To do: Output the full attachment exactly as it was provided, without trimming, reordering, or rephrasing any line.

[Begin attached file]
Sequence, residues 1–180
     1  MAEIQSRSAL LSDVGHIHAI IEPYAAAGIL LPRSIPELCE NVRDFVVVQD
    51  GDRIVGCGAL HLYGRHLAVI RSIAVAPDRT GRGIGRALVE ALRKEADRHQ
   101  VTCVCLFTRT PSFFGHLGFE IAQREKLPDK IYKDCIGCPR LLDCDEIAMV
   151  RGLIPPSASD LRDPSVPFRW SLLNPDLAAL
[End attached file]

Sequence, residues 1–180
     1  MAEIQSRSAL LSDVGHIHAI IEPYAAAGIL LPRSIPELCE NVRDFVVVQD
    51  GDRIVGCGAL HLYGRHLAVI RSIAVAPDRT GRGIGRALVE ALRKEADRHQ
   101  VTCVCLFTRT PSFFGHLGFE IAQREKLPDK IYKDCIGCPR LLDCDEIAMV
   151  RGLIPPSASD LRDPSVPFRW SLLNPDLAAL